1 Rama said, “Tell me sage. Were these various events in the lives of the hermit and hunter due to any cause, or did they arise spontaneously?”
2 Vasishta replied:—
These events are like the appearance of whirling currents in the vast ocean of the unknown Soul. They are continuously rotating in their airy forms in the whirlpool of the soul of their own accord. 3 As the vibrating particles of air are always in motion, so the current of thoughts is continually in action in the vast emptiness of consciousness. 4 Whatever issues from its source in any shape retains its original form until it is converted or restrained to another form. The aerial thoughts of the empty mind remain until they are drawn, painted or exhibited in another form.
5 The empty essence of Divine Consciousness inheres in every form it exhibits and derives from itself. It is like the substance of a body that permeates throughout all its organs and limbs, or the woody substance of a tree that is diffused throughout all the leaves and branches that shoot forth from it. 6 Brahman appears to remain permanent in some existences, such as in the four elemental forms of earth, water, fire and air. In other existences, he seems transient and impermanent, such as the frail bodies of mortal bodies, all of which abide in their aerial state in the empty spirit.
7 Therefore, all these various objects are only reflections of Consciousness impressed upon the soul. It is impossible for us to determine which of these is substantial or insubstantial or real or unreal. 8 All these are altogether unknowable except that we know them to be reflections in the emptiness of Consciousness. You who are totally ignorant of everything, do you think this visible world is real or unreal? 9 Whatever you see anywhere in the universe is only an exhibition in the emptiness of Divine Consciousness. What use is it to you who know the truth whether you believe the world is real or unreal? Therefore rely upon your belief of it as it is.
10 These forms of reflections rise of themselves in the Divine Mind, just as waves and billows exhibit themselves on the surface of the sea. They are the spontaneous offspring of the Divine Spirit. They are of themselves both causes and effects. 11 The display of the transcendent emptiness of the Divine Mind is called its will or volition, or its imagination and creation, or the creation of its imagination. Hence this world is to be understood under anyone of these interpretations, and not as being composed of earth and water.
12 This appearance of the Divine Mind appears in this manner and nothing besides. The Divine itself resides in Divinity and passes under the title of Ignorance from our ignorance of its nature. 13 There is no material grossness in the integrity of Divine Intellect. It is purely empty and immaterial and composes the whole universe. This is transcendental knowledge and its perfection is liberation.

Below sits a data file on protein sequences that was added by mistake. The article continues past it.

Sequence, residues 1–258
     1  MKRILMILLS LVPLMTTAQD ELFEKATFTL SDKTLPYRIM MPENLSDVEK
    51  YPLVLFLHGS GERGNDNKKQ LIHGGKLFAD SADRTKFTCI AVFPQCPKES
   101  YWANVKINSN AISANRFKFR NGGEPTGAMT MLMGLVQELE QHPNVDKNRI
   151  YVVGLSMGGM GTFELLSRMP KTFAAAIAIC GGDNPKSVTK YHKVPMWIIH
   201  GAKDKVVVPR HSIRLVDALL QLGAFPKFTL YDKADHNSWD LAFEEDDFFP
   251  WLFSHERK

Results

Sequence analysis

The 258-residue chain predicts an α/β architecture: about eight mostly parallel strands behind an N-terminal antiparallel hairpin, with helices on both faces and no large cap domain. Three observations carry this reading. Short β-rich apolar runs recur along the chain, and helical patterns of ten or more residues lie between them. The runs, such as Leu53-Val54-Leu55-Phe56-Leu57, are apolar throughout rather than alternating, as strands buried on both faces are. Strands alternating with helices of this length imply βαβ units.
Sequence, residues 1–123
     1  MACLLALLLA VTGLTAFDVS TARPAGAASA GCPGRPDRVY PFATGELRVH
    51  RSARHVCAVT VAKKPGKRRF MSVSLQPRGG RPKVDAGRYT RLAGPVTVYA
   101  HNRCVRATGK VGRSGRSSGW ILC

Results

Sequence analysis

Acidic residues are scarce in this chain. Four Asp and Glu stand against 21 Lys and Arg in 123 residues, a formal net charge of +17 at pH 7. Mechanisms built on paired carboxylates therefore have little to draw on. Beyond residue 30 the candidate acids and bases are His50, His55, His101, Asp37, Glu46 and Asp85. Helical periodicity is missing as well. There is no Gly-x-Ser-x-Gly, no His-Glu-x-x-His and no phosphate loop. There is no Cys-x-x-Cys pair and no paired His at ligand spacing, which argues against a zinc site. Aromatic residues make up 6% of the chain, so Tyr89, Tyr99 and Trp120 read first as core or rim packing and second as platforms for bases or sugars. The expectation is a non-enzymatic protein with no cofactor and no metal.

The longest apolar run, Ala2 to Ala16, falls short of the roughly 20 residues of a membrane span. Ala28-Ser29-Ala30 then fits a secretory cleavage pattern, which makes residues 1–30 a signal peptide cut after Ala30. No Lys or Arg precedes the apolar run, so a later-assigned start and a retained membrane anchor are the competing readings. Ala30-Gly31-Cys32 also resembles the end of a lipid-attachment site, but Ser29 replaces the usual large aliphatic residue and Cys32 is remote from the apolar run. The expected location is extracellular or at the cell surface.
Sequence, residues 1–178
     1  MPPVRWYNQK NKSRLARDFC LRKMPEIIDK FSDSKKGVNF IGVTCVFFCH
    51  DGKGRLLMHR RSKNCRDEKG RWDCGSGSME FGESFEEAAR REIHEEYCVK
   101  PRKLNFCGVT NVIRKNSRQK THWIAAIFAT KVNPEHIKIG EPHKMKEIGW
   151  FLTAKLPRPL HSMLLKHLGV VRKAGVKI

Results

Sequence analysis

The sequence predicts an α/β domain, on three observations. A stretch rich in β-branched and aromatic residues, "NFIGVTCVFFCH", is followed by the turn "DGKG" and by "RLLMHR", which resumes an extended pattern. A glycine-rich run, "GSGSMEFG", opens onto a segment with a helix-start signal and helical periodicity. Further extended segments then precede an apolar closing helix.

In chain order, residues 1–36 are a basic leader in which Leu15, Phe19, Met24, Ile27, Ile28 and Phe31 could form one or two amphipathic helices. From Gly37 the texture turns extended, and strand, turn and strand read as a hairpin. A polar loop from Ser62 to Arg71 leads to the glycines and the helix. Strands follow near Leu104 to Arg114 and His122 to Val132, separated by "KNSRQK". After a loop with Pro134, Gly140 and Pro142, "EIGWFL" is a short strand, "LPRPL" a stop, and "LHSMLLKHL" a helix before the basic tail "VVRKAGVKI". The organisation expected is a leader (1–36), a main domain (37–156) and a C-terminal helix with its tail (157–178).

14 The reflection of empty Intellect spreads over the whole universe. It is subtle and uncompressed, ever calm and quiet, and passes by the name of “world.” 15 Only the meditative man whose eyesight is fixed in his meditation, whose body is emaciated in penance, and whose mind is abstracted from the concrete and absorbed in reasoning, is capable of seeing the Intellectual world.
16 Whatever the empty essence of Consciousness exhibits in any form at any place, the same appears to be present there of its own nature. 17 The unthinking man and unreasonable soul sees only false sights in the midst of skies, just as one who is dim-sighted and blind by birth always sees a double moon in the sky. 18 Whatever is seen anywhere is nothing other than the unpolluted Brahman himself. The empty sphere of Consciousness, being forever clear and transparent, is never soiled by any foulness of gross matter. 19 The intellect, without forsaking its pure form of self-consciousness, exhibits varieties of gross objects in the form of dreams within itself. So also, our consciousness of the world is like our dreams.
20 By comparing the statements of the scriptures with one another, and weighing them well with acute judgment, one will find his rest in himself. But the man of little understanding will not find it so. 21 The ignorance that floats upon the sea of your understanding does not contaminate my mind like dirt polluting a pure and clear stream. 22 As there is neither the earth nor any earthly thing to be encountered in our sleep, though we are conscious of them in our dream, so also the phenomenal world has no real existence, though we are conscious of it in our waking. 23 As the clearness of the Intellect, like sunlight or flaming fire, shows us many things in our sleeping dreams, so does its light exhibit the visible to our view in our waking dreams by day. 24 There is no difference between the two states of dreaming and waking. Both are of the same nature. The difference lies in how we understand them.